Living Mistletoe Cactus for the Holidays

As many of you know, I'm a big fan of the epiphytic cactus known as mistletoe cactus, but I have a new use for those durable Rhipsalis species: Living mistletoe. The real mistletoe species are parasitic plants that live fused to oak trees, but mistletoe cactus is an incredibly easy houseplant that can be grown in nothing more than a small bundle of sphagnum moss.

Mistletoe cactus will bloom and produce white berries

You can hang mistletoe cactus over doorways, at weddings or on the wall for a never-ending supply of kisses all year. Rhipsalis is, in my opinion, the easiest houseplant available.

To give you an idea of its durability, a year and a half ago I used a cutting in a flower arrangement for my wedding. For almost a year it sat in a vase at my mother's house, blooming and fruiting despite being nearly neglected. Six months ago I moved the vase to a bookshelf in a dim corner of my living room, and still it thrived. Actually, I ended up using it in this arrangement! The small cuttings that I gave out as wedding favors are now growing at our guest's homes... as far away as Canada.

Grow mistletoe cactus in potting soil or sphagnum moss, and water as little or often as you like. Too much water will eventually kill Rhipsalis, but it's a lot more tolerant than other houseplants.

To show you guys just how versatile mistletoe cactus can be in holiday decor, I've created a hanging arrangement using driftwood, sphagnum moss and twine. An air plant (Tillandsia) provides the finishing touch, though you could always substitute with a bright red ribbon.

Want a simpler version of this arrangement? Just wrap a single cutting of mistletoe cactus in sphagnum moss and hang it on the Christmas tree, over your headboard or even around your neck as living jewelry.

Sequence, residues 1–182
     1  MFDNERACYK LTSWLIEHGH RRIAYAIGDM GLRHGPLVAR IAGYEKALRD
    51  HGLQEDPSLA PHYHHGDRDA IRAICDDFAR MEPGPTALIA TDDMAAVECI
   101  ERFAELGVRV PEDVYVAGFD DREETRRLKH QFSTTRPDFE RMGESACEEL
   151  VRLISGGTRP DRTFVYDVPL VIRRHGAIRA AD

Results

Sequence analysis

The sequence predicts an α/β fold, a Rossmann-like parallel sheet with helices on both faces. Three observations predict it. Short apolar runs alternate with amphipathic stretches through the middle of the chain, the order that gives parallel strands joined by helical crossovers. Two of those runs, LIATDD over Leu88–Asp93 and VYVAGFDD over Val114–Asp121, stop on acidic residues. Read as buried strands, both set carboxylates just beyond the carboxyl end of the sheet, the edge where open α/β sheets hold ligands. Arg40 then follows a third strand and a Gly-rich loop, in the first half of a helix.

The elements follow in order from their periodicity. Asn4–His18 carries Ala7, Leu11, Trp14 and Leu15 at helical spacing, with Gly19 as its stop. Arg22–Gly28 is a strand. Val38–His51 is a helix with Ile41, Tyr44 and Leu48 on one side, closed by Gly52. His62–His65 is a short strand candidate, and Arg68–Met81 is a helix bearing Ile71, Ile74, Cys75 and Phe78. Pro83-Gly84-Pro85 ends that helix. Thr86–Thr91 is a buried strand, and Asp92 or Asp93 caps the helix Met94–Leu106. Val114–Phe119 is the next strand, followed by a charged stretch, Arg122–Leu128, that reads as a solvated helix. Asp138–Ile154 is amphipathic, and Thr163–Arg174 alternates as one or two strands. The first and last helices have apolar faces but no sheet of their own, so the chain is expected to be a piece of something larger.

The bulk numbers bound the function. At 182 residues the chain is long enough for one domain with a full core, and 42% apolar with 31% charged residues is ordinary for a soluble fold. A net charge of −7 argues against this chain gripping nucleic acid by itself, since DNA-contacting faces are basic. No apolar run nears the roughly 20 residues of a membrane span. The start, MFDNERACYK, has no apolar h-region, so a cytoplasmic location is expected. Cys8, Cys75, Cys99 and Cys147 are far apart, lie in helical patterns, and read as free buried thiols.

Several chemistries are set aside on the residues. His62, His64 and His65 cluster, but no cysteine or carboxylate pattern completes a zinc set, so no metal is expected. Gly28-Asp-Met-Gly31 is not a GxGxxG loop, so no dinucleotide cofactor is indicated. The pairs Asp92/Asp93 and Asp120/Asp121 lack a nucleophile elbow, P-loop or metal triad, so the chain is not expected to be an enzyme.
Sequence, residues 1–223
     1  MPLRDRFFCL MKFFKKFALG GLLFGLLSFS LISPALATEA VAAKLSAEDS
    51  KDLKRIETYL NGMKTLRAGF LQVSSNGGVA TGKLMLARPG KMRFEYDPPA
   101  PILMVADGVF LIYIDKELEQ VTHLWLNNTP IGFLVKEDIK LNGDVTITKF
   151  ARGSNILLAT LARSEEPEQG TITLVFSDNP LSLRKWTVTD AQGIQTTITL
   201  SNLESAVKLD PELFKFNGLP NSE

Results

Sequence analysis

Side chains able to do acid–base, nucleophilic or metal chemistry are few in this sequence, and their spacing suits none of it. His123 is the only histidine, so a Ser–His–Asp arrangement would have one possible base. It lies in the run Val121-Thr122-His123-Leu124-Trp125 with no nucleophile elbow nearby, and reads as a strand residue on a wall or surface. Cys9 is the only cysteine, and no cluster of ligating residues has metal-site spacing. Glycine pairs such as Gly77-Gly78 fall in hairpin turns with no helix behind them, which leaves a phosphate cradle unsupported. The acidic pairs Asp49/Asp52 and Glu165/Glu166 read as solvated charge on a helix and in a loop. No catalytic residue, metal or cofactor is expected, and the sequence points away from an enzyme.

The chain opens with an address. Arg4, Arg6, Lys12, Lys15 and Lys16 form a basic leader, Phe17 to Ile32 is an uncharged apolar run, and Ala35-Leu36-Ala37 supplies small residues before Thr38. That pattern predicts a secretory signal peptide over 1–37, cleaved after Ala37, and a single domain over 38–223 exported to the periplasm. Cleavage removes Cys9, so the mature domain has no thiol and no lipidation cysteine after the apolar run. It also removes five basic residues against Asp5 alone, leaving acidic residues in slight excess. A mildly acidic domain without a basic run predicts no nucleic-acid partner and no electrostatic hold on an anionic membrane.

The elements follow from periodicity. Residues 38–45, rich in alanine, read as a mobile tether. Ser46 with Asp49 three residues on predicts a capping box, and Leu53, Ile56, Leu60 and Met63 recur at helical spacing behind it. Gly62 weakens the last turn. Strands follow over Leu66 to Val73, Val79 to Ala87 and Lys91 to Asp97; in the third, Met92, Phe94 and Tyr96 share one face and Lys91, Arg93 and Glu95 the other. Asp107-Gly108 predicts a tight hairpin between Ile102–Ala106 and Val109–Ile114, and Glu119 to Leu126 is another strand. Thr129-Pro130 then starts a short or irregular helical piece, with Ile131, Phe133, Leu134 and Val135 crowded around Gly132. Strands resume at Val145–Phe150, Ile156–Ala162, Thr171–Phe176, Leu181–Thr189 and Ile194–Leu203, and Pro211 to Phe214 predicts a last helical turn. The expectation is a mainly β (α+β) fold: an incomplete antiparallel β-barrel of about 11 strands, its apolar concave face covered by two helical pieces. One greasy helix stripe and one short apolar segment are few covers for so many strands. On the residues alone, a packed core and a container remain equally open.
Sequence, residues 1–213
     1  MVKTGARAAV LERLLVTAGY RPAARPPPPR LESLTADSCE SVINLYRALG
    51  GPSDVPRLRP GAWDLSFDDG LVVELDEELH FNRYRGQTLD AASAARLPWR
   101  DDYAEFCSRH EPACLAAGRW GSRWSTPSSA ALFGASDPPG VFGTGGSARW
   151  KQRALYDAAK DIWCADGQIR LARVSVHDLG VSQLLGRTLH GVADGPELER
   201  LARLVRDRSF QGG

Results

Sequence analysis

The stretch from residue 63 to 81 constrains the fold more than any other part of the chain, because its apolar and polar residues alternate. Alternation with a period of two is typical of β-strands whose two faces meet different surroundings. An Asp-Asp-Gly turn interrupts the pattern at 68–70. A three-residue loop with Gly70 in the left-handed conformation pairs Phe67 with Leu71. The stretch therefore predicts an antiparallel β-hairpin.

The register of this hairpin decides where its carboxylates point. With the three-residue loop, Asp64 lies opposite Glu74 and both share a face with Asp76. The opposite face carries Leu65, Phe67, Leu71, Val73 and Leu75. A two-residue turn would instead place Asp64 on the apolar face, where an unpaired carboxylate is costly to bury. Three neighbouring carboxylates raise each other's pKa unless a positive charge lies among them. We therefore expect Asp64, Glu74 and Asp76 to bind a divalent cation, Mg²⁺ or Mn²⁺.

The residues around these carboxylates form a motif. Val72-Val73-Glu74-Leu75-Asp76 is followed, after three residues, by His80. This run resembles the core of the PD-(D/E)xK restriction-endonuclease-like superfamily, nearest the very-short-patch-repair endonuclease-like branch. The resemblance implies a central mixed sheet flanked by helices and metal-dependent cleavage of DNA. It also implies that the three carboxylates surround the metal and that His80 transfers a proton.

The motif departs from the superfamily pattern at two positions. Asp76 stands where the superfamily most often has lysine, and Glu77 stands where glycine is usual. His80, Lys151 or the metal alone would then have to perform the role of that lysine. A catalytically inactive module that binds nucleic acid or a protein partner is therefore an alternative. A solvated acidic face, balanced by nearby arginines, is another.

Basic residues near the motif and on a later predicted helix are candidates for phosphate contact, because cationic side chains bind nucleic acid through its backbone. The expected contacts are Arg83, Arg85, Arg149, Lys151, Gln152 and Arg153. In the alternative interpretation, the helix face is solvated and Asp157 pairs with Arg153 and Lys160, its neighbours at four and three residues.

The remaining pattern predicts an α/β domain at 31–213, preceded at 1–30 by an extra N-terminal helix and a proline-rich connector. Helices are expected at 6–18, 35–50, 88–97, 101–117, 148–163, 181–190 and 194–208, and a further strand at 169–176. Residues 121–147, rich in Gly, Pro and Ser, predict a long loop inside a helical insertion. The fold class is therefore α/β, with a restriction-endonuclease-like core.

Driftwood (cleaned and free of salts)
Sphagnum Moss (long grain works best)
Tillandsia (Air Plant)
Mistletoe Cactus (Look for Rhipsalis with the Exotic Angel houseplants)


Using sharp and clean scissors or pruning shears, clip off some stems of the Rhipsalis plant.

For the very best results, let the mistletoe cactus cuttings heal for a few days before dipping the cut end in rooting hormone. While this isn't necessary, it will help the plants establish faster.

Hold the cut end of the mistletoe cactus to the driftwood, and wrap sphagnum moss around the stem and driftwood using twine. It doesn't have to be perfect!

Continue adding mistletoe cactus cuttings. When you're done, ensure that everything is tight enough to stay in place, yet loose enough for the cuttings to form roots.

Gently tie the airplant to a bare portion of the driftwood. If it is tied to the sphagnum moss, it will rot.

You're done! Hang your living art on the wall or over a doorway, and then get ready for the kisses.


Caring for your living mistletoe is easy. Just remove the whole display and hold it under lightly running water until the moss is saturated. Hang it back up until it has dried out again. You can feed your mistletoe cactus and Tillandsia every few months by either briefly soaking them in compost tea (I swear by Authentic Haven Brand) or a diluted orchid fertilizer. When the mistletoe cactus cuttings grow too large, you can either add more sphagnum moss or prune the stems.

Want more mistletoe cactus ideas?

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  1. Mrs. Rainforest GardenNovember 20, 2012 at 10:27 PM

    What a beautiful and romantic idea for the holidays that does not have to get packed up when the holidays are over. I think I will tuck small cuttings into ribbon or twine when wrapping gifts.

  2. I'm amazed at the ideas you come up.
    Truly this is so exotic and inexpensive yet exclusive beautiful.
    Enjoy your practical & easy to do ideas.

  3. Beautiful, Steve! I've nominated you for a Beautiful Blogger award and linked to your blog in my latest post. You've probably been nominated previously, but if so, I think you're well worth another nomination!

  4. That really does look spectacular and the fact that you say it's easy to look after is even better! :)

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